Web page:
The questions on Sprint’s quarterly conference call focused on Sprint’s anticipated “massive” densification of its network to improve data speeds and coverage.  Sprint announced that they expect to have accrued capital expenditures of $5 billion in 2015, a figure that implies lower capital expenditures for the remainder of 2015.  T-Mobile expects to spend $4.4 – $4.7 billion in cash capital expenditures over calendar year 2015, a figure that implies much higher capital expenditures throughout the rest of the year.

In responding to the question about capital spending on increased densification, CEO Marcelo Claure stated that the $5 billion figure “mainly contemplated what we are doing right now with our 2.5 GHz deployment… you really don’t see it [the next generation network which includes massive densification] coming to much effort [in fiscal 2015], only towards spending in 2016.”

While plans could change, it appears that Sprint’s capital intentions are “steady as she goes” for the next nine months.  The remainder of 2015 is going to be difficult on the company. Capital budgets will be constrained as network demand increases (driven not only by industry growth, but by the large 20 GB buckets Sprint currently advertises).  In the post-Vision (Sprint’s previous network initiative) era, trailing four quarter accrued capital spending has been averaging between $5.2 and $5.6 billion.  How the company accommodates network coverage (from 280 million LTE POPs) and data augments (Verizon cited 54% annualized data growth) and minimal in-building coverage remains to be seen.

In a question on postpaid phone losses, Claure stated that Sprint’s “consumer business was mainly positive.”  Without trying to read too much into this comment, I think it says that Sprint’s Business net adds are dragging down overall postpaid phone growth.  While in most cases business revenues have lower revenue per connection, losing share within an account (or losing an account entirely) can be very costly (to the extent that employee discount plans were tied to the business customer, and the account was lost in total, there could be collateral losses over time).

Finally, Sprint announced this week that they would be offloading in-airport data traffic to Wi-Fi provider Boingo in 35 airports.  This relationship will leverage Boingo’s HotSpot 2.0 initiative (additional information in the news release here).   While this will improve the customer experience in many airports where Sprint has historically suffered with relatively low data speeds, it will also free up more carrier spectrum to be able to be used for improved voice coverage.  To get an idea of the “before” picture, check out the latest RootMetrics ratings at New York’s LaGuardia and Chicago’s Midway airports.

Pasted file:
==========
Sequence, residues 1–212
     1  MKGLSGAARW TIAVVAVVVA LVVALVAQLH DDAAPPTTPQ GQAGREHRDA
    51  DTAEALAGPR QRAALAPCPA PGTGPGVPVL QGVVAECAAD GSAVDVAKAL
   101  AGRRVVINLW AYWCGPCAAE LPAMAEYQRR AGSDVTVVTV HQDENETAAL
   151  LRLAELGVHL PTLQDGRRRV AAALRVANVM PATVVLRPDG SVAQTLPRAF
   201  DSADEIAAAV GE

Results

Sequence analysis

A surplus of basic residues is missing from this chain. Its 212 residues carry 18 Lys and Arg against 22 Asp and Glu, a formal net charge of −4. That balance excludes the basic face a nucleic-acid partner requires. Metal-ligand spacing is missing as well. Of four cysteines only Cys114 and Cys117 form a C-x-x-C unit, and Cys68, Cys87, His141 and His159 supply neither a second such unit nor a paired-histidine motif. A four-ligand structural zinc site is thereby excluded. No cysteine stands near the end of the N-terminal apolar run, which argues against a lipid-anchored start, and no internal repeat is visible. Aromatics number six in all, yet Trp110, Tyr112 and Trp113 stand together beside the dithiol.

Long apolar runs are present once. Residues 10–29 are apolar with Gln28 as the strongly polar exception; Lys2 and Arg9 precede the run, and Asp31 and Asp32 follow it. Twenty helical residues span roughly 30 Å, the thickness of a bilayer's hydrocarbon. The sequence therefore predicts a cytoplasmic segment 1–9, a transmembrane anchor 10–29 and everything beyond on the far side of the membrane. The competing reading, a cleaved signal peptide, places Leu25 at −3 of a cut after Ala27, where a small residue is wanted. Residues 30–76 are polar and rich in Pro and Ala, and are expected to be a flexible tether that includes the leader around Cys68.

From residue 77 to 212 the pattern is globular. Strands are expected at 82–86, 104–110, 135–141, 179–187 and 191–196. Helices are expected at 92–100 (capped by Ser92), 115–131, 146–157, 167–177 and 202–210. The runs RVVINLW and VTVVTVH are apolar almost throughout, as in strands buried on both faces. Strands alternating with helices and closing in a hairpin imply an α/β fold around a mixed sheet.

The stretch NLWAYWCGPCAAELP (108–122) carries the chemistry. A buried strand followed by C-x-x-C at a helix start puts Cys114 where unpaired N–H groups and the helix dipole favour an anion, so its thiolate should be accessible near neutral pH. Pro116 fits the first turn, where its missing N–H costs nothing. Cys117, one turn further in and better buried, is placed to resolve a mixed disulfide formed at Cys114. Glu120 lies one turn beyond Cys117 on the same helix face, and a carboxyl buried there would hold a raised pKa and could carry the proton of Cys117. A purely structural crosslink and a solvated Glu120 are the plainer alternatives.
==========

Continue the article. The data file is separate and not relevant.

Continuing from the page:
Bottom line:  Sprint has a very long road to recovery.  Here’s the current situation:

  1. Postpaid retail phone net adds continue to be negative, led by persistent losses in business accounts. Tablets allow for positive overall retail postpaid net adds, but at a $30-40 lower average revenue per connection.
  2. Network coverage, while growing, will be fed by a smaller capital budget of $5 billion. This will be a challenge considering LTE coverage objectives and customer data growth.  The long-term remedy will not be seen by most customers until 2016.
  3. Prepaid retail net additions are going to be under pressure given recertification results from the Assurance Wireless product line (in second quarter 2014, this was the primary reason cited for their 542,000 prepaid customer loss). This will not impact EBITDA significantly, but will widen the retail prepaid gap between Sprint and T-Mobile despite strength from the Boost brand.
  4. Churn is improving, calls to care are down, and employee morale is up.
  5. The company burned more than $900 million in cash in the quarter.

Next week, we’ll focus on your feedback about which applications rank as “mobile first.” Until then, if you have friends who would like to be added to The Sunday Brief, please have them drop a quick note to and we’ll subscribe them as soon as we can (and they can go to for the full archive).

Thanks again for your readership, and Happy Mothers’ Day!